At Intech®, we harness natural stock-price volatility to generate an excess return above the benchmark – without forecasting returns. We find that a stock’s price volatility is more persistent than its return, making volatility a reliable input for portfolio construction.
To illustrate this point, we separate the stocks in the MSCI World Index into three equal-sized categories based on trailing one-year returns for each calendar year between 1992 and 2017. The “high volatility stocks” category includes the top third of performers in any given year, the “mid” category includes the third of performers with middling returns, and the “low” segment the bottom third of performers.
We then categorize the stocks similarly but instead, use trailing one-year volatilities (i.e., standard deviations). The high, mid and low segments are determined by the third of stocks exhibiting the most volatility, moderate volatility, and the least volatility, respectively.
Finally, we calculate the average percentage of each group that remained in the same category the following year. These results are shown in Figure 1.
Return characteristics prove to be highly variable, with only 30% to 35% of securities staying in the same category in any two consecutive years. In contrast, volatility characteristics are much more consistent. Indeed, high volatility stocks remain in the same category 61% of the time, and low volatility stocks 67% of the time – both at least twice the occurrence than their return counterparts.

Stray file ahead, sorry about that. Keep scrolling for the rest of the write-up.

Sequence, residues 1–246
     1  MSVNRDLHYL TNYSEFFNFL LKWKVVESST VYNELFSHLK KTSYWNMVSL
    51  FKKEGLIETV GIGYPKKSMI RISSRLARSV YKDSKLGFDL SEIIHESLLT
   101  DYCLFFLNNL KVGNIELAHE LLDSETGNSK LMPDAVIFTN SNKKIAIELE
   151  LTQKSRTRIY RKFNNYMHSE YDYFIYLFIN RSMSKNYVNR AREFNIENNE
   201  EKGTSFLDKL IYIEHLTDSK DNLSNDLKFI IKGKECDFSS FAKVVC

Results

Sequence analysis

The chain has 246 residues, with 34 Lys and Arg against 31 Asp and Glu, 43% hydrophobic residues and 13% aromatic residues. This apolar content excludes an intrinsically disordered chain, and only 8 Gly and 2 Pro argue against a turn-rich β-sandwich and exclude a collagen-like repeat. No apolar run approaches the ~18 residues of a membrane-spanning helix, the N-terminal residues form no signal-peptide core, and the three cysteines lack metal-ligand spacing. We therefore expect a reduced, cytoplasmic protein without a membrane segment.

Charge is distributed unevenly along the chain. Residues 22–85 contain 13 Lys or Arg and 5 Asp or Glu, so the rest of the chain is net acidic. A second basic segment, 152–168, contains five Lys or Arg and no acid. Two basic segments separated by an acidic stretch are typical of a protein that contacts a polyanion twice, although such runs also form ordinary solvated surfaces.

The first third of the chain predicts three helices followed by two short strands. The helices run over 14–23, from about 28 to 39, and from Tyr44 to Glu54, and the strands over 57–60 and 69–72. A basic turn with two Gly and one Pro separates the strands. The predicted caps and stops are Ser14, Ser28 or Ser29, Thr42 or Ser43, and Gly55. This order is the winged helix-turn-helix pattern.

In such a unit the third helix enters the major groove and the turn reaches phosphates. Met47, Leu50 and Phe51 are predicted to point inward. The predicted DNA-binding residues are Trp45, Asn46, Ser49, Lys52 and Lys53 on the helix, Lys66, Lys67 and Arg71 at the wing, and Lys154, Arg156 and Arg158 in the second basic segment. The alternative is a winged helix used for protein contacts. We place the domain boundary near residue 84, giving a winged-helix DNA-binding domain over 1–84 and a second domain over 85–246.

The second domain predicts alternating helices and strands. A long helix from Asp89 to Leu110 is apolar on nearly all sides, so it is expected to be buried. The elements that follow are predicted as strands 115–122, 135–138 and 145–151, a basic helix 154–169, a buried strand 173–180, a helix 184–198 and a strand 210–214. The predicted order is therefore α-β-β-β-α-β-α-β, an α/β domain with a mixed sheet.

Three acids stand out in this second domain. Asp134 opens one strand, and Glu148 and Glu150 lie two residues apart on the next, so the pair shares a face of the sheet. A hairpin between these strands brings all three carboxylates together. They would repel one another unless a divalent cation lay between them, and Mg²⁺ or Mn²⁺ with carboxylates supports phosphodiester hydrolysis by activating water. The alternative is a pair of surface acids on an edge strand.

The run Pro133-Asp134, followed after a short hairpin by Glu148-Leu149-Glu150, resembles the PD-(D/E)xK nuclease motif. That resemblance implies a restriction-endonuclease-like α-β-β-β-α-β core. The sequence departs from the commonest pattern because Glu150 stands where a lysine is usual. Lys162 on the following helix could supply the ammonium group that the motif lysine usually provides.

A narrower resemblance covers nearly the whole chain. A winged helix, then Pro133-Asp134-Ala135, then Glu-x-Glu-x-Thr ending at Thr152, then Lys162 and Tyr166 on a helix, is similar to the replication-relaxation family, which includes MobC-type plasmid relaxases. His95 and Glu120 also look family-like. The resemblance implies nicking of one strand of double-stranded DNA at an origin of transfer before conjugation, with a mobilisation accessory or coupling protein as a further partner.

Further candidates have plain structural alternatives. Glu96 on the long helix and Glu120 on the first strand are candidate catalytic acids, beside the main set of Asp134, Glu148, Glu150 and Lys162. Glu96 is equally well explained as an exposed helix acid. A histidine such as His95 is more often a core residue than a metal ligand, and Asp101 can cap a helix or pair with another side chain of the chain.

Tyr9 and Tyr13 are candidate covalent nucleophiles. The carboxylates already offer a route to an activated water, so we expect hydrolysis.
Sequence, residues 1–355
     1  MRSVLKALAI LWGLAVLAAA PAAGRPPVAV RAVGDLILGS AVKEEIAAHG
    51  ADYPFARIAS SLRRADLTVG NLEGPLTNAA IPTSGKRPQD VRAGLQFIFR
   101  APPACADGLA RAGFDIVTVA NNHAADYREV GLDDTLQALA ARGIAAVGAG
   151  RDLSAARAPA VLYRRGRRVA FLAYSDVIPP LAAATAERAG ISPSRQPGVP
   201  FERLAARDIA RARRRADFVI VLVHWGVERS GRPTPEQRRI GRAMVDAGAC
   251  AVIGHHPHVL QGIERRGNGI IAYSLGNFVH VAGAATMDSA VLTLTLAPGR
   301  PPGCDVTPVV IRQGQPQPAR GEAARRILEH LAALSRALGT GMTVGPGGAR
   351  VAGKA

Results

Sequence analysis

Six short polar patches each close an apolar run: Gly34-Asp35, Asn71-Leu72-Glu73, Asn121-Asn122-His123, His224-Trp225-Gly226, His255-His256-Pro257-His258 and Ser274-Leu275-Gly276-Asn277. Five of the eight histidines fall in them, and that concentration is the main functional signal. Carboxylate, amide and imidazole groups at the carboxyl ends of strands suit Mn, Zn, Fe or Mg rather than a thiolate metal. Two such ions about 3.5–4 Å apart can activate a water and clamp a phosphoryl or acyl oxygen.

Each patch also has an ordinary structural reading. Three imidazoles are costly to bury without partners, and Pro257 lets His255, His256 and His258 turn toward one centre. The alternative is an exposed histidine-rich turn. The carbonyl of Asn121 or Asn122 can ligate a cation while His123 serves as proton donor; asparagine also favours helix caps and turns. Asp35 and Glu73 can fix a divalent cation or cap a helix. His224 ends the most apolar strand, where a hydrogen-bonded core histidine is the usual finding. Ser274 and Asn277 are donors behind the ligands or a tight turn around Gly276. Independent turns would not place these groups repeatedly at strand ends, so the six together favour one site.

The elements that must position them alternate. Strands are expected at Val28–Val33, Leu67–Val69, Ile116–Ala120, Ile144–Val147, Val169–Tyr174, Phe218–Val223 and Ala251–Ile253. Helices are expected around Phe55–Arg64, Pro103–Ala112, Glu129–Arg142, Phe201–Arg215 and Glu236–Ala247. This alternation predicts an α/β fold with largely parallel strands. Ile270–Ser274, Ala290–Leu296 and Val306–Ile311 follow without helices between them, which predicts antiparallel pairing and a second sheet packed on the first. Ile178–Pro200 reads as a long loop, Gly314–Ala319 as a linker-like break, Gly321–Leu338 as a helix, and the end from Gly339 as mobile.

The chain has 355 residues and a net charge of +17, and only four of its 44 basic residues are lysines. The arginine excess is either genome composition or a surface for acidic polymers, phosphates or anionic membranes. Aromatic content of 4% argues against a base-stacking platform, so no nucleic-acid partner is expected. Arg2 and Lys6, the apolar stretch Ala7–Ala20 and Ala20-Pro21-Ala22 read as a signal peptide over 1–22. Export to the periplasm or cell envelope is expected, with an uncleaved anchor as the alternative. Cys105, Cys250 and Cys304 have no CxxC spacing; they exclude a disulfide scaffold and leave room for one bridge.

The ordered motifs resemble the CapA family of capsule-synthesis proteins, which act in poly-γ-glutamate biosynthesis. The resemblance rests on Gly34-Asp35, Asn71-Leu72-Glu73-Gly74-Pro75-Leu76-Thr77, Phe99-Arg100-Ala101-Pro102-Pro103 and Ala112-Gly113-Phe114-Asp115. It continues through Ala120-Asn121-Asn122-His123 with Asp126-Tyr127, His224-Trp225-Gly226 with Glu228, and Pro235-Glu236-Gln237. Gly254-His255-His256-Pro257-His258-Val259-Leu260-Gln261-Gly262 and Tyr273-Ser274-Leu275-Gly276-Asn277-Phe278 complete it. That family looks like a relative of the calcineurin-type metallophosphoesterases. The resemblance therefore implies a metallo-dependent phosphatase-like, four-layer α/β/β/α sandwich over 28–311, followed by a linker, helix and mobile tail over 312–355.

Even the mid-volatility group, which remain in the same category only 46% of the time, is still notably more stable compared to the 35% of the time for the mid-return group. (It intuitively makes sense that the mid-volatility segment experiences more movement than high and low peers, as stocks have potential to shift either up or down, rather than in only one direction for the other categories.)
This less frequent movement of individual stocks between categories of volatilities results in a relatively reliable volatility hierarchy. That is, if one stock is more volatile than another, that relationship is likely to persist — independent of returns.
Learn how volatility can offer insights as to when to reduce risk and when to embrace it by downloading our most recent e-book: Can Volatility Actually Help Protect Your Capital?
This information is intended to be educational and is not tailored to the investment needs of any specific investor, nor is it an endorsement or recommendation for any particular security or trading strategy. The illustration is hypothetical and does not represent the returns of any particular investment. You should not rely on this information as the primary basis for your investment, financial, or tax planning decisions. Past performance cannot guarantee future results. Investing involves risk, including the possible loss of principal and fluctuation of value.